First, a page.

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The Benefits of Emotional Leadership

When it comes to leadership, many CEOs utilize the information they have learned as a model of “effective leadership” handed down through generations. Often, this can make the tone of their message to their employees seem “manufactured.” However, CEOs who express and use genuine emotions are more effective leaders. 

Workers often look to leaders for examples of how to behave, especially during times of turmoil and change. Therefore, leaders are expected to present a calm, rational front. When leaders show emotional control, they are viewed as more likable, ethical, and working in the interest of the organization.

To be in control of one’s emotions means maintaining personal composure during times of stress, when things are uncertain, or when faced with conflict or disagreement. This does not mean suppressing all emotions but rather consciously choosing which emotions are appropriate in any given situation and avoiding expressing extreme or negative emotions during times of pressure. Emotional control is important during times of organizational change or when dealing with difficult employee situations. Emotional regulation has also been associated with long-term well-being. Although some leaders have the natural ability to control their emotions, others need to develop and improve this ability over time.


Sadly, women leaders battle sexist stereotypes that often label them “too emotional” for effective leadership. However, a new study reveals that women are perceived as more effective leaders than their male counterparts when they express calm, happy, and empathetic emotions. This effect is even more significant when it relates to leaders in top positions in an organization.

The first study to examine different prototypes for the emotions that leaders display was conducted by psychology professor Thomas Sy at the University of California Riverside and management professor Daan van Knippenberg at Drexel University. In the van Knippenberg study, a series of questions asked leaders to describe their emotions. The result was categorized into six emotional categories associated with leadership. The feelings of cheer, calm, and pride—were related to effective leadership, and anger, fear, and remorse—were associated with ineffective leadership.


We often hide emotions to try to stay in control, look unaffected, and keep things at a distance. In reality, this approach reduces our effectiveness and ability to lead, guide, and relate to people. It all comes down to “We should say what we mean and mean what we say.” Often, leaders do not communicate a clear message because they fear their emotions will make their message appear weak. As a result, their message doesn’t connect, compel, or build effective relationships.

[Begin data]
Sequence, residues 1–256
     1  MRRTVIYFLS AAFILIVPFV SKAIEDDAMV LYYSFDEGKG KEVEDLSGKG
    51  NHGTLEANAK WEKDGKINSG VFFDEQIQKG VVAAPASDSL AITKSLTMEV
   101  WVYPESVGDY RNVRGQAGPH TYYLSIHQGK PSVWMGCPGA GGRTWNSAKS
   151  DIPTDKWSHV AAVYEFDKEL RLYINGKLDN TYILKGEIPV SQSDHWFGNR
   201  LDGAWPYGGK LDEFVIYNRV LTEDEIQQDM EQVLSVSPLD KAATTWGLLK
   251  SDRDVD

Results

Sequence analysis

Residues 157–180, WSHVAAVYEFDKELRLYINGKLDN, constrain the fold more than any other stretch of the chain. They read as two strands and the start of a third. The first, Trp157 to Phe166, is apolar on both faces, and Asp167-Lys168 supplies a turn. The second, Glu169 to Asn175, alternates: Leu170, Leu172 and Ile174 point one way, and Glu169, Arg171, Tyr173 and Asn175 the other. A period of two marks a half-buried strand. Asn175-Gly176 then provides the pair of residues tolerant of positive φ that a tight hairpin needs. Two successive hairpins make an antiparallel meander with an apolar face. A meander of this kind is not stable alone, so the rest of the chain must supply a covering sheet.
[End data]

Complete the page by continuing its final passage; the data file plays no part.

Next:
Yes, it is essential to keep emotions under control while conducting business. Uncontrolled emotions get in the way of honest analysis, hinder negotiations, and lead to rash decisions. However, in nearly 20 years of coaching leaders, I’ve found that showing too much emotion is less of a problem than showing too little emotion.

A critical element of being a good leader is displaying emotions effectively. This builds trust and strengthens relationships. A leader must set a vision and focus energy to motivate and energize people. Compromise and making difficult decisions are often necessary to achieve desired results, especially when we learn from our failures. 


Often, one of the reasons we don’t show emotions is that we don’t realize we are feeling them. As leaders, our fear of losing control makes us want to suppress our anger/frustration or excitement/happiness. In business, it has always seemed that emotional data was less relevant because logical data reigns supreme. However, emotional data can be an excellent ingredient for change and growth. 

All leaders should pay attention to their emotions and understand how they affect the business. One recommendation is to take note of your emotions daily and do it over time. Here are two guidelines that might be helpful when it comes to emotions:

• Don’t fear expressing your emotions, however small. A good way to do this is by showing gratitude. 

• On occasion, ask people how they feel, whether good or bad, and see how they release their emotions. 


Everyone expects CEOs to be more open, which includes sharing their personal stories and experiences. This authenticity fosters trust and credibility, which may potentially reduce the emotional burdens of the job. However, CEOs must balance being authentic and maintaining professional boundaries, which sometimes can be a delicate act.

Leaders who manage their emotions effectively can improve employee performance and satisfaction. The added bonus is that it also enhances your company’s culture. A good leader’s emotions are often contagious, spreading throughout the team and eventually increasing the entire group’s effectiveness. 

If you would like more information on how to become a more effective leader, visit my website www.marklewisllc.com. I offer a 10-month Virtual CEO Roundtable, which is the ultimate forum for your growth and success. Whether you’re looking to refine your processes, receive opinions on crucial decisions, or want to benefit from the wisdom of other leaders who have faced similar challenges, we’d love to have you join us!

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